Most of the existing commands - even the basic ones - seem to be fail way too often, so I'm not sure more will be better than the sitemaps protocol which seems to be stealing a lead over robots.txt.
|The formal rules allow a site to block indexing of individual Web pages, specific directories or the entire site, though some search engines have added their own commands |
They were never "formal" rules. They were pretty informal from the off. As I recall it was some long since gone engine that started the protocol and others informally adopted it.
Let's see if anything gets beyond a press release.
Here's the tech framework [the-acap.org] (30 page PDF). Looks like I'll have more than enough opportunities to shoot myself in the foot if this is ever adopted.
The article is so vague on what exactly they're proposing [edit: thanks Jim.]. It would be nice if there was some regex capability (like the Google extensions, but a bit more).
Sitemaps vs robots.txt. As I see it
Sitemaps: "Crawl here. Index this. And if you want to follow other links, that's fine with me".
robots.txt: "Don't crawl here. Don't index this. And if you do or don't find stuff in other places, that's none of my business."
I don't think given that difference, one can ever "steal the lead" over the other really.
This seems aimed at large online newspapers etc. There is nothing here for the average webmaster.
From my quick overview of the spec, I could only see tags to tell search engines how much of your content they can show in snippets and images. It looks like they are trying to limit how much of their content can be shown in the search results. Maybe one day they intend for this to be legally binding and some sort of override of copyright fair-use.
robots.txt + sitemap is fine for 99% of websites I think. robots.txt could be tweaked, but I think the big search engines will dictate that through slow evolution (like the Sitemap tag)
Tepid response from the search engines, not surprisingly.
Ack! The first thing they can do is redesign their website - [the-acap.org...] - with a readable colour scheme. I gave up after about 15 seconds, not a good start.
Yes, I agree, that site is not easy on the eyes.
So, ACAP 1 will help the genuine sites, and the big search engines monetize thisng further. I have no problem with that, but it wont do anything to stop rogue bots, which I would have thought are the biggest problem.
|Jessica Powell, a spokesman for Google, said the company supported all efforts to bring Web sites and search engines together but needed to evaluate ACAP to ensure it can meet the needs of millions of Web sites, not just those of a single community. |
"Before you go and take something entirely on board, you need to make sure it works for everyone," Powell said.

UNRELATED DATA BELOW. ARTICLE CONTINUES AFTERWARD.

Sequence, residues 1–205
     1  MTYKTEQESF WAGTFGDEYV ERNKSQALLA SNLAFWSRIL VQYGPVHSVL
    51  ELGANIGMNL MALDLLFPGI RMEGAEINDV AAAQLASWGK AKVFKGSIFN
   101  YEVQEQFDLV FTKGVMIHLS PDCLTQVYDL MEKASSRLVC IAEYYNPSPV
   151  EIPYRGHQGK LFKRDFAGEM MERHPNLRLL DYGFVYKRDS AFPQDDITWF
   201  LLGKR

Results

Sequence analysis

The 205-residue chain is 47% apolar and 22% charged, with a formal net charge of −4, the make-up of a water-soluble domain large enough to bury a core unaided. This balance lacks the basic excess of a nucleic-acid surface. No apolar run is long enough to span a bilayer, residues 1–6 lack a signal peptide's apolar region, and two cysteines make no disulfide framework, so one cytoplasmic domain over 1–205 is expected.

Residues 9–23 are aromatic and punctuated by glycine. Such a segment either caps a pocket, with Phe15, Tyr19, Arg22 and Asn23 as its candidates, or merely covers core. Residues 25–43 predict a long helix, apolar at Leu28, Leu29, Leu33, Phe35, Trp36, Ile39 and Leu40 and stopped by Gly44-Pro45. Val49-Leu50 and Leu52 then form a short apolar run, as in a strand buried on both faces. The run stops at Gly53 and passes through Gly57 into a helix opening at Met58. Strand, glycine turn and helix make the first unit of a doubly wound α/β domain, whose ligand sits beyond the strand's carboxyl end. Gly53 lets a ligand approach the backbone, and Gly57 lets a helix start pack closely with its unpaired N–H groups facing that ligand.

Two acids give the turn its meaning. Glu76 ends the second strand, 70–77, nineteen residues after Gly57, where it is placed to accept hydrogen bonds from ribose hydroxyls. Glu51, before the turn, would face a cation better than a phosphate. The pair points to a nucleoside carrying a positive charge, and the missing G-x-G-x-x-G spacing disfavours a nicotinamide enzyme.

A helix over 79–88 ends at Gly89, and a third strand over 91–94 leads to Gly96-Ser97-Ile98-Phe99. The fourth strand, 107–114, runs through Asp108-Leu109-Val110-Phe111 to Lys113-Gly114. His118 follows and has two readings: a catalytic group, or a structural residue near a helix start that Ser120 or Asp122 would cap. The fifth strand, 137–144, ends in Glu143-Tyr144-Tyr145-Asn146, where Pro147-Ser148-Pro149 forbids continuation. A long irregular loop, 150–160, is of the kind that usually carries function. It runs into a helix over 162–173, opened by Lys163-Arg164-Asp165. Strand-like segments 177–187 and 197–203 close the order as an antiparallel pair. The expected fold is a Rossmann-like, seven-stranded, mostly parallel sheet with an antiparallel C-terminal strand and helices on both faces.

|but it wont do anything to stop rogue bots, which I would have thought are the biggest problem |
|The new ACAP commands will use the same robots.txt file that search engines now recognize. |
Shouldn't they use a different one, say acap.txt? Only I can see this possibly breaking a lot of robots.txt files because once you start to add complexity, errors always creep in.
Other than that, I think it's a positive move for webmasters who want more control, provided there are enough options.
I think the search engines have the upper hand by far so I'll be surprised to see this go anywhere fast. The original robots.txt was about bandwidth and that was a concern for everyone, so the SEs had to listen. This is more about finer points of copyright - basically giving the publisher the ability to say "We give you a limited license to republish this content in your cache until 12 December 2007". Most site owners on the web don't care about that, so the SEs don't have to listen.
I don't really see how the publishers can force the SEs to index and display their content only in a manner and time frame that the publishers approve of. I think the SEs have a pretty good argument: "Okay, you don't like the way we use your material? Well then just disallow us in your robots.txt and we'll eventually remove all your content from our index. Either that or let us display it as we want. We're fine either way."
On the other hand, the publishers are in a tough spot. Revenues are plummeting for dailies, so they absolutely need that revenue off the net. But the NYT is the only one that I "subscribe" to (daily email), so any other daily I end up reading is because I get there via a search engine. I bet most people don't subscribe to any online version of a traditional newspaper.
So either they say, "Okay Google, you can't have our content and we'll prove our point as we go out of business" or they can say "Okay Google, we think you're in violation of fair use and are bleeding us dry over the long term, but for now we're just going to complain." Either way, the publisher is in the weak position. The search engines will do fine without them, but the newspapers are going to struggle without the engines.
Am I missing something? What's in it for the search engines? The only thing I can see is that the publishers agree not to sue, but like I say, I still think even if the publishers sue, the SEs win (i.e. they remove all publisher content and stop indexing it until the publisher cries uncle).
From the ACAP FAQ
>>A number of publishers are already involved in the project along with major search engines.
The list then includes not a single SE, major or otherwise.
By the way, in the previous comment, I was thinking specifically of the directive:
ACAP-allow-index: resource-specification time-limit=value